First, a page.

Windows XP comes with a host of new command line utilities never before seen in the Windows line of operating systems. As such, many of these utilities are unfamiliar territory for most IT professionals, which is unfortunate because these utilities can come in very handy in a number of situations if you know that they exist and how to use them.
One of these new command line utilities is called Fsutil and it is designed to allow you to perform a multitude of file system-related operations on both FAT and NTFS file systems. This utility has 11 main subcommands, and each one of these subcommands has its own set of parameters. When you add them all up, you'll discover that the Fsutil command line utility will allow you to perform a grand total of 58 different operations.
While the majority of these tasks are designed to configure, enable, or disable some aspect of the file system, a good portion of them are probative in nature and can provide extremely valuable information when configuring or troubleshooting a system. Unfortunately, drilling down through all of these subcommands and parameters on the command line can be a grueling operation. As such, most of this valuable information lies untapped.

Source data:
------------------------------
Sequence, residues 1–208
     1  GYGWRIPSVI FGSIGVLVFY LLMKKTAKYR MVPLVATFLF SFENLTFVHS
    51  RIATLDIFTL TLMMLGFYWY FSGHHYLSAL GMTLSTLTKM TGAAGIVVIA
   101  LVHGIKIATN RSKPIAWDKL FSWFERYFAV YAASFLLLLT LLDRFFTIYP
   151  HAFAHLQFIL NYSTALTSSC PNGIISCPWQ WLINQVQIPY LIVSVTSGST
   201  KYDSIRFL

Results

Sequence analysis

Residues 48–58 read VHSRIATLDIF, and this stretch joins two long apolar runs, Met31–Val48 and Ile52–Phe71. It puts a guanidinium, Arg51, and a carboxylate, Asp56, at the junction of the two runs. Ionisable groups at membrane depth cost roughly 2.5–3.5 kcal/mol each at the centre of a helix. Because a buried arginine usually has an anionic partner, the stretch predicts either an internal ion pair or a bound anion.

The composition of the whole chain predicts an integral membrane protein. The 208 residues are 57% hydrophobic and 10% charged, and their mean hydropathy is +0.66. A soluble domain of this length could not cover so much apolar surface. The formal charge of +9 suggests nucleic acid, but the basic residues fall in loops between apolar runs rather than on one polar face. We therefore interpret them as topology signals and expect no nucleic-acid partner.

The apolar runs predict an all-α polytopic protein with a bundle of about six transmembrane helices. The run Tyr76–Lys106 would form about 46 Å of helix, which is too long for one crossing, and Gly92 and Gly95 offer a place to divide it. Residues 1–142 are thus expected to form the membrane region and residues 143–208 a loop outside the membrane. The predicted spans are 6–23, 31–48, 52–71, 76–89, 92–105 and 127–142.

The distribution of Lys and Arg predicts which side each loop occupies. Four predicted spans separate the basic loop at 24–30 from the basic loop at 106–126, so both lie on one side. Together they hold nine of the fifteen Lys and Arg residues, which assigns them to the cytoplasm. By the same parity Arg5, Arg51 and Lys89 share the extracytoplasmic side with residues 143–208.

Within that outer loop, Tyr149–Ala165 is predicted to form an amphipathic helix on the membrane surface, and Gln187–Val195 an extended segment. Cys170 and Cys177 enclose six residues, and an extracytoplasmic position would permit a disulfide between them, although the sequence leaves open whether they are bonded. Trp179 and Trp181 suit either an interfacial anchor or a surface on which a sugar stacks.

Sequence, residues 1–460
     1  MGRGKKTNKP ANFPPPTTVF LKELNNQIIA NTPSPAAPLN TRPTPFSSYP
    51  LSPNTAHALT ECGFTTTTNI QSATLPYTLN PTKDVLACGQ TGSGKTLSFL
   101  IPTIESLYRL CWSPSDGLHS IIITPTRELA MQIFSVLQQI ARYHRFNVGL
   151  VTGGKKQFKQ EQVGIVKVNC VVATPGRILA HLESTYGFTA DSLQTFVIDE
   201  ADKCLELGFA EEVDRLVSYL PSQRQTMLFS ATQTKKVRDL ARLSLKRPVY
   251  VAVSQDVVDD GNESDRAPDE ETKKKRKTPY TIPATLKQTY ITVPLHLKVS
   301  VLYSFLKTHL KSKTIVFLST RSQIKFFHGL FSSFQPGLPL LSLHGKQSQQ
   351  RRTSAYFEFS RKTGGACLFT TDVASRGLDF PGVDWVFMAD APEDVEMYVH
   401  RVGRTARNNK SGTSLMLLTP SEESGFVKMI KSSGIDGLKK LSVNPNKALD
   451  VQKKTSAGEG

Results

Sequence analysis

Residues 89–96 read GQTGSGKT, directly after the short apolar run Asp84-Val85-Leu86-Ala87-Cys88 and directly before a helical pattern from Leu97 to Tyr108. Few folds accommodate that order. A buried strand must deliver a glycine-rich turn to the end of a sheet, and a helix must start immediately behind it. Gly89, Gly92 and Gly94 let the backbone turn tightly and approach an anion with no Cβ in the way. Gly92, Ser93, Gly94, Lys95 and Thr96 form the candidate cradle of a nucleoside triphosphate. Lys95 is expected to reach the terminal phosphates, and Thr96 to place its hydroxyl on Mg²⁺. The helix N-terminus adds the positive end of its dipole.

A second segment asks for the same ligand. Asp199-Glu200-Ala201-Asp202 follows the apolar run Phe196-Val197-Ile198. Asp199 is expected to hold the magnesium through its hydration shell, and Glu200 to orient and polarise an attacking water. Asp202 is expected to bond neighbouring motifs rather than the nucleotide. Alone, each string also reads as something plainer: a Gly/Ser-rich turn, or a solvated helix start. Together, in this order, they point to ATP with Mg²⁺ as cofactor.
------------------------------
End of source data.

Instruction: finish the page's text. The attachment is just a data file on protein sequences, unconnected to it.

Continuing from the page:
I recently found myself needing easy access to some of the information the Fsutil command line utility provides and decided to write an HTML Application (HTA), called the Fsutil Query Tool, which uses Windows Script Host, VBScript, and HTML Components (HTC) to bring the probative capabilities of the Fsutil command to the Windows user interface. You can download the Fsutil Query Tool and follow the instructions below on how to use it.
A new HTA interface
Before I introduce you to the Fsutil Query Tool, let me set the stage a bit. If you've downloaded and used some of the other HTAs that I've created for TechRepublic, such as the Dir Commander, you know that my interface of choice has been a dialog box design with option buttons, check boxes, and other standard dialog box fare. However, given the number of commands that I set out to implement with the Fsutil Query Tool, a dialog box design was too cramped.
I then briefly contemplated a wizard design that would walk through the various options. But, again, the number of commands posed a problem as there would be too many screens for a wizard design to be a very practical approach.
As I was pondering my next approach, I was using Windows Explorer to perform some file management operations and it hit me that a pull-down menu system would be the perfect interface design for the Fsutil Query Tool. As I began exploring some methods of implementing a pull-down menu system in an HTA, I remembered that a few years back I encountered an HTML editor that was created using HTA technology and recalled that it had a brilliantly implemented pull-down menu system.
After a bit of digging, I tracked down the HTML Editor HTA at Jans Freeware Collection, which hosts a rather large collection of terrific programs created by Jan Verhoeven. After studying Jan's HTML Editor HTA, which uses HTC and DHTML to create a dynamic pull-down menu system, I decided that I had found the interface concept that I was looking for.